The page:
Consequently, we need to determine whether a permanent total disability award was appropriate. The petitioner who is not obviously unemployable ordinarily must establish his inability to return to gainful employment, i.e., by either diligent but unsuccessful attempts to find work, or, based on age, experience, training and education, his inability to perform any but the most unproductive tasks. (Interlake, Inc. v. Industrial Comm'n (1981), 86 Ill. 2d 168, 427 N.E.2d 103.) The petitioner, in addition to proving that he sustained permanent medical disability due to a work-related accident, must also prove the extent to which disability impaired his earning capacity or ability to work. E. R. Moore Co. v. Industrial Comm'n (1978), 71 Ill. 2d 353, 376 N.E.2d 206.

Here the only expert testimony regarding total permanency was that of Dr. Massie indicating that the petitioner was totally and permanently disabled. And here the Company refused the petitioner's request for light work. He was unable to resume his supervisory position with the Company. His disabling coronary artery disease persisted. We thus find no reason to disturb the Commission's finding on remand that the petitioner was permanently and totally incapable of work after August 27, 1977.

The original findings of the Commission were appropriately set aside by the circuit court as being against the manifest weight of evidence. The subsequent awards of the Commission for other injuries claimed by the petitioner were improvidently granted. Accordingly, the January 14, 1987, judgment of the circuit court of Macoupin County is affirmed.

Affirmed.

CASE RESOLUTION

Judgment affirmed.

MINORITY OPINION

JUSTICE McCULLOUGH, Dissenting:

Initially, I disagree with two statements made by the majority in its Disposition. They are:

(1) "It is obvious that the arbitrator reviewed the expert testimony. That the Commission considered the entire record is not equally obvious." 176 Ill. App. 3d at 327.

(2) "[We] find that the Commission erred in adopting the Disposition of Dr. Scherlis, which was inconclusive on the crucial issue of 'aggravation.'" 176 Ill. App. 3d at 330.

As pointed out, the Commission resolves factual disputes, draws reasonable inferences and Conclusions from the evidence, determines causal connection, decides which conflicting medical view to accept, and determines whether an injury aggravated a pre-existing condition. Equally important is the rule that this court will not reverse those determinations, unless they are contrary to the manifest weight of the evidence.

Initially, the arbitrator found no causal connection nor any permanent disability. The Industrial Commission affirmed the decision of the arbitrator and the circuit court reversed.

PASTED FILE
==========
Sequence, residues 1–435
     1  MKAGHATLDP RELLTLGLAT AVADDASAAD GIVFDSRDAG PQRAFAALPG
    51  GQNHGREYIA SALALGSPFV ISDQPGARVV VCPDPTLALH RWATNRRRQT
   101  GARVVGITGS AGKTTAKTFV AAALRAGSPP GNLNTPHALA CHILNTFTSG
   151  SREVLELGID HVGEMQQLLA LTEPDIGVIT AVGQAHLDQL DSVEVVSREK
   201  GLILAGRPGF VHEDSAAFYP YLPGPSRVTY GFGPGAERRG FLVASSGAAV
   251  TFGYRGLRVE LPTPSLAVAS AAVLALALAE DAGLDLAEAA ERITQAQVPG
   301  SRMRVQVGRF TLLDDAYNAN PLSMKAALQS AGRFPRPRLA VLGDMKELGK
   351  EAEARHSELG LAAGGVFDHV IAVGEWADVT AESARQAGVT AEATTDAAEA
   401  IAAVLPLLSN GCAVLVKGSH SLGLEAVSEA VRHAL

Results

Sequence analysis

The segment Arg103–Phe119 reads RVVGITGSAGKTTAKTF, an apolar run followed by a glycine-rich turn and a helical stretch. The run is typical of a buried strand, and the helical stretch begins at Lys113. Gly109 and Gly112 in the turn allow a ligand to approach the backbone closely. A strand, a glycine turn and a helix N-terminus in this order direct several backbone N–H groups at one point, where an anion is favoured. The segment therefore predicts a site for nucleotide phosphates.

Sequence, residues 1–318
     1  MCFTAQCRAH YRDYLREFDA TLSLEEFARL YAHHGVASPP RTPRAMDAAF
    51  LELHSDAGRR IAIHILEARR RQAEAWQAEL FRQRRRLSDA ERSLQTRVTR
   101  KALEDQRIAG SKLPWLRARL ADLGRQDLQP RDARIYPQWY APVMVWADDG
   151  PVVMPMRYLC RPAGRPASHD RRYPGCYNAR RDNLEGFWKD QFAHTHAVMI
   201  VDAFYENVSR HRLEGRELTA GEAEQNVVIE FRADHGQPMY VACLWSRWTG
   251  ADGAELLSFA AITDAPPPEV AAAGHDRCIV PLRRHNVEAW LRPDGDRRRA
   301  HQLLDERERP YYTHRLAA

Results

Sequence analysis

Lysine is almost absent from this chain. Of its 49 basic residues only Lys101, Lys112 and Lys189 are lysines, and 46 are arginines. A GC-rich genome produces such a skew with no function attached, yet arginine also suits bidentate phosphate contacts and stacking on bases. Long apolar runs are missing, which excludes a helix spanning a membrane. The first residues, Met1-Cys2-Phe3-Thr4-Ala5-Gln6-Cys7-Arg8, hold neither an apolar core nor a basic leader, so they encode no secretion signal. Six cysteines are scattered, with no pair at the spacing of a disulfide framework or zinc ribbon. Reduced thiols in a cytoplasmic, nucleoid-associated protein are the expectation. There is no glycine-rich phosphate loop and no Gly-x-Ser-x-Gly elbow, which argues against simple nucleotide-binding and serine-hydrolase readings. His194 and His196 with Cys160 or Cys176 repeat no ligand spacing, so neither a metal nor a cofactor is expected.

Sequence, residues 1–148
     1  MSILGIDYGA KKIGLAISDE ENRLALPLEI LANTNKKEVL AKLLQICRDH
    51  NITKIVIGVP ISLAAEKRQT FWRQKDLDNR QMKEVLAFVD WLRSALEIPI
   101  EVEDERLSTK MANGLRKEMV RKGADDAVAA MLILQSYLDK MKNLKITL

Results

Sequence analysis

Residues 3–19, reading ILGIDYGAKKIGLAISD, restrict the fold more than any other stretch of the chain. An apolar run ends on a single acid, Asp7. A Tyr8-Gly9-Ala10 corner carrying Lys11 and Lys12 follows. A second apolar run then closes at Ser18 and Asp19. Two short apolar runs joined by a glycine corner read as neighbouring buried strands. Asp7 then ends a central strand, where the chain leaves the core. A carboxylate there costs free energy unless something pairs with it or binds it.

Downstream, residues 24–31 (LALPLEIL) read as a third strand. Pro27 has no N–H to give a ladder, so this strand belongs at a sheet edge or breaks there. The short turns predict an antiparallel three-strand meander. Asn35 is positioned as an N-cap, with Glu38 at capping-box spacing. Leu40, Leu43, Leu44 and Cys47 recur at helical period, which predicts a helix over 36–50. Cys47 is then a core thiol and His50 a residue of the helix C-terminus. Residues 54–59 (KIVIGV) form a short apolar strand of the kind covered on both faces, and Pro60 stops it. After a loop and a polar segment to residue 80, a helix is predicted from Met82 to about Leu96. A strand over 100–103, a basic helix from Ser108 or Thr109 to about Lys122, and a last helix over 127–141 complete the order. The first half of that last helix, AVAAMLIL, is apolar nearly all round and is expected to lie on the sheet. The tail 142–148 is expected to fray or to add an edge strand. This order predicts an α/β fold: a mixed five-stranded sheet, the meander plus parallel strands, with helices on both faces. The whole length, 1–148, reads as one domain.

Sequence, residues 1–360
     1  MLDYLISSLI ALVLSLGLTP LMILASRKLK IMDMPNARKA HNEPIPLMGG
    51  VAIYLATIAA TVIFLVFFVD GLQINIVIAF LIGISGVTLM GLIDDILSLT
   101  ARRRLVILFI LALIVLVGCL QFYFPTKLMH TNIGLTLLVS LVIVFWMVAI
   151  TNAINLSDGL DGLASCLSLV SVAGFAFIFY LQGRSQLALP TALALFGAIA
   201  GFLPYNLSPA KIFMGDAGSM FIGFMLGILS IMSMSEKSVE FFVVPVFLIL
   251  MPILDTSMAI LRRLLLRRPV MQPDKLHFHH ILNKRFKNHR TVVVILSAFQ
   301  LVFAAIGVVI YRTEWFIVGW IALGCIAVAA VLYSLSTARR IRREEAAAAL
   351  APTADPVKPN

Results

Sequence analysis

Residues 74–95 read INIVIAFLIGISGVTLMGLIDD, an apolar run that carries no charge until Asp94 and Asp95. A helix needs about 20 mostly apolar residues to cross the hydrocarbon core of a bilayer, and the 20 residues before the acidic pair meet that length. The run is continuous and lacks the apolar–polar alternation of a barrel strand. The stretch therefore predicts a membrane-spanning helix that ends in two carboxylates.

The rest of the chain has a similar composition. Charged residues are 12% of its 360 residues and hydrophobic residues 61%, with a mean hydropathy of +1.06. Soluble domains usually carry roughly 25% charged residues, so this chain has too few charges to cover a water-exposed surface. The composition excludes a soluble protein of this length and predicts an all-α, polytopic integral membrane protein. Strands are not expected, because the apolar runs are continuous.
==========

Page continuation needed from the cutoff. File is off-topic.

With respect to the quoted statements in the majority Disposition, although the question is whether the petitioner's experience of August 22, 1977, aggravated his coronary disease, the issue is whether the decision of the Industrial Commission is against the manifest weight of the evidence.

The supreme court has made it clear:

"It is fundamental that it is primarily the function of the Industrial Commission to resolve disputed questions of fact, including those of causal connection, to draw permissible inferences and to decide which of conflicting medical views is to be accepted. [Citations.] We recently declared that 'The concern of a court of review in Industrial Commission cases such as these is not to determine medical questions, on which, it appears, men of learning in that field disagree, but rather to pass on the legal question presented, viz., are the findings of the Industrial Commission contrary to the manifest weight of the evidence before it.'" Proctor Community Hospital v. Industrial Comm'n (1969), 41 Ill. 2d 537, 541, 244 N.E.2d 155, 158.

We need only look to the evidence presented by the experts to determine whether the decision of the Industrial Commission was against the manifest weight of the evidence. As pointed out in the majority Disposition, Dr. Scherlis, a certified cardiologist, testified that the external trauma of August 22, 1977, neither caused nor worsened the petitioner's disease. He further was of the opinion that there was no causal connection between the accident and the subsequent occurrences with the petitioner's heart, as no medical evidence indicated that the petitioner's coronary condition was attributable to or worsened by the accident. Dr. Scherlis also answered that the underlying condition of arteriosclerosis was not made worse by the accident of August 22, 1977.

Dr. Massie testified the electrocardiograms made in September of 1977 and October of 1977 were the same as the electrocardiograms made in 1975. The medical records show no complaints or findings indicating any cardiac involvement on the dates August 23, 1977, and August 24, 1977.

In his testimony Dr. Scherlis stated:

"[There] is no causal relationship between the accident and subsequent events with regard to his heart.

Q. . . . [Was] the underlying condition of arteriosclerosis made worse by that accident of August 22, 1977.

A. No, it was not."

"[To] make a diagnosis of trauma to the heart you have to demonstrate evidence of damage to the heart. And in this case there was no evidence of damage to the heart."

The majority gives importance to the evidence that Dr. Scherlis never personally examined the petitioner. This is not a reason to discount his testimony. Medical experts are competent to testify based upon medical records, their own studies, and experience, especially in the field of heart disease, without personal examination of the subject. This is simply a field of expertise where consultants are commonly used, their evidence submitted, with the Commission determining credibility and weight to be given the testimony.

The majority devotes much verbiage to discount the testimony of Dr. Scherlis. Although the issue of credibility is not ours to decide, Dr. Scherlis was a credible witness. The determination that he was needlessly evasive upon the issue of whether trauma aggravated the petitioner's coronary condition is exactly the burden that is required of the Industrial Commission. This court is making a credibility finding. Whether Dr. Scherlis was needlessly evasive, whether he considered himself an advocate of the truth, whether he deliberately refused to substantiate his disagreement with Dr. Massie are simply credibility questions to be determined by the Industrial Commission, not by a reviewing court. The Commission has performed its duty.

The decision of the circuit court should be reversed; the Industrial Commission decision, No. 84 -- IIC -- 278, should be reinstated.

19881103